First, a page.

Text and photography: Pieter Oosthuizen
We were having the biggest and best slices of apple pie in Africa in the shade of a thorn tree at Café van der Lee in the touristy but tranquil little settlement of Solitaire when my travel partner, Gerhard Groenewald, said: “Man, this has been so-o-o good? a huge success.”
He was not referring to the crumbs on my plate, which the chirpy mossies were eyeing. No sir, he was talking about our eventful trip from the Western Cape to Walvis Bay, another 230km to the north-west.
We had arrived here in two of Toyota’s new Land Cruiser 4.0 V6 pickups from Namtib Lodge, a biosphere reserve farm in the Tiras Mountains, like Solitaire near the edge of the great red dunes. Before that we had travelled from the Goodyear Lifestyle Academy near Worcester to Luderitz, then to the ghost mining plant at Saddle Hill and from the coast eastwards through unchartered territory to the region’s main gravel road.
Gerhard was dead right about “the best apple pie that you’ll ever have”. He was wrong about this being merely a “good” trip. But then again, even “fantastic” would have sounded like a gross understatement. It was above all an eye-opener in an area where our reconnaissance uncovered more of the wonderful diversity of the Namib.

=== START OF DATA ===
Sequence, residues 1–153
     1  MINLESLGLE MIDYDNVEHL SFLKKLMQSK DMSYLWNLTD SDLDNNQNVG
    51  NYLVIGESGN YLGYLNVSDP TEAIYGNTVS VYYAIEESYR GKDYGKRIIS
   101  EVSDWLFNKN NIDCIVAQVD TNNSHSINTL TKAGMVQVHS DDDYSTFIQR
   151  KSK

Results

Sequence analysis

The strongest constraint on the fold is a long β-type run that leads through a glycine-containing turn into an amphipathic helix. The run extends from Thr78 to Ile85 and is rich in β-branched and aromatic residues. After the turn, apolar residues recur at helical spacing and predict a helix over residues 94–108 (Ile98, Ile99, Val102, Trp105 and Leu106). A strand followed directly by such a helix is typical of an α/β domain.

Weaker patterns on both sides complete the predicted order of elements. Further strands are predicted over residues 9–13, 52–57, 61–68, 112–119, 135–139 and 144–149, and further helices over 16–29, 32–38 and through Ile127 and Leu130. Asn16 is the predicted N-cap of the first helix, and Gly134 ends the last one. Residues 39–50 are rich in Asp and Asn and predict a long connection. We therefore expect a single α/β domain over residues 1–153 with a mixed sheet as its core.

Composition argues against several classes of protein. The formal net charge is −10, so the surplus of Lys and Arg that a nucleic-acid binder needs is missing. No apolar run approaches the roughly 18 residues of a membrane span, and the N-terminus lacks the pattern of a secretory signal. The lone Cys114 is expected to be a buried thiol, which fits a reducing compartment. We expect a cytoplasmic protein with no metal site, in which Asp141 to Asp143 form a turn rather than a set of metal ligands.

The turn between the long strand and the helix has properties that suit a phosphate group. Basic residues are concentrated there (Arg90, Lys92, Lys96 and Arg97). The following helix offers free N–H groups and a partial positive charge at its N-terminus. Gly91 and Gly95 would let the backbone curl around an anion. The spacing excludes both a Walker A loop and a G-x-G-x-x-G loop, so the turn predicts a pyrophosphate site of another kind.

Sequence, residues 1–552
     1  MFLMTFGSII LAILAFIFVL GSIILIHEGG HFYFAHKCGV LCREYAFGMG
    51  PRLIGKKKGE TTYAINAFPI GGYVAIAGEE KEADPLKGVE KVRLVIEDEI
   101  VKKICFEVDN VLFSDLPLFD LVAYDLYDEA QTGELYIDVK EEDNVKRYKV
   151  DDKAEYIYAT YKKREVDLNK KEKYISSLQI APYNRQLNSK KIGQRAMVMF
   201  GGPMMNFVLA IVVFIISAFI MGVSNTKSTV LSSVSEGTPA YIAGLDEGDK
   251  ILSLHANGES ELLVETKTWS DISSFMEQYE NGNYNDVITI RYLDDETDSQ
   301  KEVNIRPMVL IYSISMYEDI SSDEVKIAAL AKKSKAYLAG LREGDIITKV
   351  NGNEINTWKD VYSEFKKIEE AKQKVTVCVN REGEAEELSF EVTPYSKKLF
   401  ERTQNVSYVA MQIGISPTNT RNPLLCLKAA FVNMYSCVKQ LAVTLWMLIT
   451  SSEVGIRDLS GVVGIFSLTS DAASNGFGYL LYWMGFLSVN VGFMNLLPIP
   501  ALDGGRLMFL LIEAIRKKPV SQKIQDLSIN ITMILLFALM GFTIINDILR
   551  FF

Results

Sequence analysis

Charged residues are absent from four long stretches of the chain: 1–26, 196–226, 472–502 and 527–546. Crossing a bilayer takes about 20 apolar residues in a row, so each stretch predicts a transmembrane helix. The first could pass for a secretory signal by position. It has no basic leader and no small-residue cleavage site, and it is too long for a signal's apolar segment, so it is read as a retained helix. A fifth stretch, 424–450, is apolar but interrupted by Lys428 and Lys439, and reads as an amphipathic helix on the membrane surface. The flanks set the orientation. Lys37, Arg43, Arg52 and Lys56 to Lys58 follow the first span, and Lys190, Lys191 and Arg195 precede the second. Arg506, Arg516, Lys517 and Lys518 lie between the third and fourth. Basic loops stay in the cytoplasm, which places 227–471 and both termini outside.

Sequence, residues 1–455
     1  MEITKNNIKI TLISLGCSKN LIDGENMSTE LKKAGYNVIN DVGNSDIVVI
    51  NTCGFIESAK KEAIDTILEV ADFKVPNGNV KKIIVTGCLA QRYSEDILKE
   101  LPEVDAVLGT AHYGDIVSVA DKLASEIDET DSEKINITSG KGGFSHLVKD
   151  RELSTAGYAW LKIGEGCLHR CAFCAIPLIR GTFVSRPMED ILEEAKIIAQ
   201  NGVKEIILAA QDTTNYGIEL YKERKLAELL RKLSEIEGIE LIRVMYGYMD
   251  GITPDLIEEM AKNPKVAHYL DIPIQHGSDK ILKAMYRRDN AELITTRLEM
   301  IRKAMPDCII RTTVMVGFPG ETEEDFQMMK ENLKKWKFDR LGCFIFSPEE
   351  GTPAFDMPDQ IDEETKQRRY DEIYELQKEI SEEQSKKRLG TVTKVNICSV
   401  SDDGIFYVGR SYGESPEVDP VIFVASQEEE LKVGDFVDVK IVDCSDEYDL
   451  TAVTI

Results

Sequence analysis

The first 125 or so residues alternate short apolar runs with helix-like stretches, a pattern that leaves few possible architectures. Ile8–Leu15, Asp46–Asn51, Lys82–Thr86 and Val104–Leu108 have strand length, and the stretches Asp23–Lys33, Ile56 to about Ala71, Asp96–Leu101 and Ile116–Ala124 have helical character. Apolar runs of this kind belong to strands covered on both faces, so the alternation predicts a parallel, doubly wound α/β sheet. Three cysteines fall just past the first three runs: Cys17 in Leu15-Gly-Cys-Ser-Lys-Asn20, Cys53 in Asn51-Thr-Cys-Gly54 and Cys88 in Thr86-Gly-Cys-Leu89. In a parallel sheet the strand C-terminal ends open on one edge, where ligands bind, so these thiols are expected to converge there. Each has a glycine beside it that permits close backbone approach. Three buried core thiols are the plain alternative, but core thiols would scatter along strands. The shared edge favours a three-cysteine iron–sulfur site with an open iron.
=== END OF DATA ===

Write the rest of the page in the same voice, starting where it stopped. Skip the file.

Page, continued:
It had everything, and at that very moment the two of us, in an absolutely positive sense, were having our cake and eating it, too…
The fun had started at a “Road Closed” sign on the 160km-long gravel road that follows the Orange River from Noordoewer on the Namibian side past Aussenkehr to Rosh Pinah. We had ignored the sign, unsure whether it was just a washed away road or a damaged, uncrossable bridge across the Fish River that had prompted the sign.
We knew that the farther we went past the warning sign, the farther we would have to drive back to the main tar road if there was no way through.
We asked the driver of a grader for more information and were told: Yes, it is the bridge. And no, you cannot get through. He then looked us up and down and said: “I tell everybody to turn around, but hey, maybe these cars can get you through the river”.
When we got to the bridge, or rather what was left of it, we had a giggle when Gerhard said something about the fact that this could easily have been “a bridge too far”. Because on our side the whole ramp had been washed away.
He went in first and found a way across big boulders, then carefully negotiated submerged rocks – some of which he had to move by hand – and past dangerously deep streams. And that was that.
While enjoying the stark beauty of the Richtersveld Mountains across the Great Gariep on our left, I had my first taste of how well the new pickup was handling, thanks to the 16-inch rims shod with Goodyear Wrangler P265/70R16 tyres, originally produced for the Hummer.
At Rosh Pinah we turned north on to the beautiful, relatively new 170km tar road all the way to Aus, and then hit the last 130km on another straight and well built road westward to Luderitz.
We arrived late in the afternoon at one of the jewels of Luderitz. The Nest Hotel nestles on the rocky shore in the bay and this provides you with an opportunity to leave your stoep door open and fall asleep to the sound of the swell lapping only metres away from your room.